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The American Standard Of Living


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The American Standard Of Living

  1. 1. The American Standard of Living In the 1920s
  2. 2. <ul><li>From the years 1920 to 1929 Americans flourished in the wealth obtained from being a world dominating powerhouse following WWI </li></ul><ul><li>The US owned around 40% of all the world’s wealth and annual incomes for Americans rose more then 35% </li></ul><ul><li>With this increase in pay (an extra $500-$700 a year) Americans found it easy to spend this extra income on new commodities goods which were quickly becoming available as America, once again, shifted to a big business based economy </li></ul>
  3. 3. Why was America so prosperous in the 1920s? <ul><li>Americans enjoyed a high standard of living </li></ul><ul><li>Food was plentiful and cheap thanks to the vast quantity produced on American farms </li></ul><ul><li>More and more people bought their own houses through mortgages and filled them with all kinds of consumer goods and parked their new cars in the garage </li></ul><ul><li>The Roaring Twenties was also the great age of popular entertainment in the theatres and speakeasies (secret, illegal bars), people were entertained by vaudeville acts (music hall), singers and jazz and dance bands </li></ul><ul><li>This period is often called the Jazz Age. Radio stations mushroomed all over America, the program was paid for from advertising. </li></ul><ul><li>Above all, the 1920s was the age of the cinema. (By the end of the 1920s 100 million cinema tickets were sold each week.) Thousands of black and white silent films were made in America in the 1920s, especially in Hollywood, which became the capital of the industry. By the end of the 1920s sound and color had been successfully added on a small scale. In 1928 the first &quot;talkie&quot; was made. </li></ul><ul><li>Many people had enough spare cash to invest in stocks and shares. They often made a lot more money, because as industry's profits went up, so did the price of shares. </li></ul>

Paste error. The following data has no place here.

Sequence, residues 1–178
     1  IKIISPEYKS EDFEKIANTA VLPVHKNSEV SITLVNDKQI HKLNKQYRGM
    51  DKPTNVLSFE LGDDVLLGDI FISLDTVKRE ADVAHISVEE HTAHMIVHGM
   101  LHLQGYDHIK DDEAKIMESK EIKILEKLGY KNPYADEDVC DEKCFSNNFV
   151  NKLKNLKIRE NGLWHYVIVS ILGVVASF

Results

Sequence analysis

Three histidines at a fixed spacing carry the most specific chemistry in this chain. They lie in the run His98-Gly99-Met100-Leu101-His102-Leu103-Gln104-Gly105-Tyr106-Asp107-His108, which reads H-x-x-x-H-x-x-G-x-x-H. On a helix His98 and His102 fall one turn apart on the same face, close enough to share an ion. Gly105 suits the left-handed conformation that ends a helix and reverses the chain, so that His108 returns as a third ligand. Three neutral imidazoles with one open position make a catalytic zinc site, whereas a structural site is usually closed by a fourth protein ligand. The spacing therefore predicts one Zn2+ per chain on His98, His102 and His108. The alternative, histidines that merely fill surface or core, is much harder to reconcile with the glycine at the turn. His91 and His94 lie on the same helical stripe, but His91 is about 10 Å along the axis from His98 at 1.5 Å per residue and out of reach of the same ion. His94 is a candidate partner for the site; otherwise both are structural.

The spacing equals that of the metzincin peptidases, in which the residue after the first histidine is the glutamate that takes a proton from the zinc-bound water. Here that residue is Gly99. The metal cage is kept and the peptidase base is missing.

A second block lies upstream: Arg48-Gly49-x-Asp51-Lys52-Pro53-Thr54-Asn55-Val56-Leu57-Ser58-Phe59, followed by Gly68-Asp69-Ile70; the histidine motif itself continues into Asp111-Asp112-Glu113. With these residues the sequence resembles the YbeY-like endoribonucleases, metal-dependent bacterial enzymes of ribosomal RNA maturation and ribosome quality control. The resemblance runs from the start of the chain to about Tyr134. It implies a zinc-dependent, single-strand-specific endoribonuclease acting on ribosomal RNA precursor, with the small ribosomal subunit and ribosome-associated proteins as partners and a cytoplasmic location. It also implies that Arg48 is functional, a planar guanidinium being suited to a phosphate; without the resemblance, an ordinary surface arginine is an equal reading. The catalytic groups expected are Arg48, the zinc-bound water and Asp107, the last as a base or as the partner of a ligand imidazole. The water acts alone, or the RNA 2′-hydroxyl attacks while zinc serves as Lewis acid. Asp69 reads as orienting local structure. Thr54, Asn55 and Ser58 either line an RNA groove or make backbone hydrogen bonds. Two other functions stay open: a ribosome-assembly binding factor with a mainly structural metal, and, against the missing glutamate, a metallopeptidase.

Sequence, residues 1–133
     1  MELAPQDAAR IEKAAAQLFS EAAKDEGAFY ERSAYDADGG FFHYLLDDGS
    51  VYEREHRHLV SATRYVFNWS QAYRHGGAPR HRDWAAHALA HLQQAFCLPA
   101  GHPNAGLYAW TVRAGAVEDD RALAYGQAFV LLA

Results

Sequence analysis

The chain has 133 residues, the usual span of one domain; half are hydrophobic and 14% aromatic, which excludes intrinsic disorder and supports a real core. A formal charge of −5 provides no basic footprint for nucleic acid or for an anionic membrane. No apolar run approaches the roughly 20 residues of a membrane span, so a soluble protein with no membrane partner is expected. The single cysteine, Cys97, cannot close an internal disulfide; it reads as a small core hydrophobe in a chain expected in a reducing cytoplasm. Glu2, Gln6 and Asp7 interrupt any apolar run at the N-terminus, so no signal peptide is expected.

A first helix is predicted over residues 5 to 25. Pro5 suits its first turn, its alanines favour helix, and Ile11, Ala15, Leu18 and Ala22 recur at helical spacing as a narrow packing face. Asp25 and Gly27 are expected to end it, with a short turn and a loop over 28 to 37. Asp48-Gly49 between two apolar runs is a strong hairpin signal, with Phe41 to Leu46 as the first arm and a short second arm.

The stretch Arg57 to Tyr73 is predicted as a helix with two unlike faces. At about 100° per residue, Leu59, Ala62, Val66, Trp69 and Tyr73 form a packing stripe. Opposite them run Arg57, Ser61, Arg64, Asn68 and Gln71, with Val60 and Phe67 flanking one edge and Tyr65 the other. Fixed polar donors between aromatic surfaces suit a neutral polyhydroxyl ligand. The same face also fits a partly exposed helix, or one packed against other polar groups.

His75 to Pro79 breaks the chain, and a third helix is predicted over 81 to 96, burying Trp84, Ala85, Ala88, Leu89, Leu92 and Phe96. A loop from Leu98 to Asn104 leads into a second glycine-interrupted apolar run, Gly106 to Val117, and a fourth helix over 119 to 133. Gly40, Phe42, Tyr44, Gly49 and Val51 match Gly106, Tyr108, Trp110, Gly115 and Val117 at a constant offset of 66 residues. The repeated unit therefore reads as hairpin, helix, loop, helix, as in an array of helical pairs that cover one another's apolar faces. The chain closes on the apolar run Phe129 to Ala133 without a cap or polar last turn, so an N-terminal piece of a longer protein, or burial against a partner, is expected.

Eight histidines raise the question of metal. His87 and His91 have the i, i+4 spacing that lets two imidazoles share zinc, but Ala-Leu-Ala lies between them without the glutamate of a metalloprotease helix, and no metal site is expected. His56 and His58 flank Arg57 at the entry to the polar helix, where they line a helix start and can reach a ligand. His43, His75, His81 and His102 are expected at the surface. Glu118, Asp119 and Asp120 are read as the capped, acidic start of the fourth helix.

4. 4. Cost of Living
  5. 5. Cost of Food Beans 9¢per lbs. (1920s) $2.99 (2009) Bread 9¢ (1920s) $2.39 (2009) Butter 57¢ (1920s) $3.19 (2009) Beef 29¢per lbs. (1920s) $4.99(2009) Cheese 39¢ (1920s) $3.49(2009) Chicken 43¢ per lbs. (1920s) $3.29 (2009) Coffee 42¢ (1920s) $10.65(2009) Eggs 50¢ per doz. (1920s) $1.99 (2009) Flour 6¢per lbs. (1920s) $1.75 (2009) Milk 28¢ ½ gal (1920s) $1.99 (2009) Oranges 57¢per doz. (1920s) $5.99 (2009) Lettuce 15¢ for 3 heads (1920s) $4.77 (2009)
  6. 6. Cost of Appliances in the 1920s <ul><li>Stove $25.50 </li></ul><ul><li>Ice Box (Refrigerator) $27.95 </li></ul><ul><li>Vacuum Cleaner $33.90 </li></ul><ul><li>Electric Washer $112.50 </li></ul><ul><li>Oil Heater $4.95 </li></ul><ul><li>Heating Stove $51.00 </li></ul><ul><li>Iron $4.45 </li></ul><ul><li>Radio $14.50 </li></ul>
  7. 7. Average Annual Income in America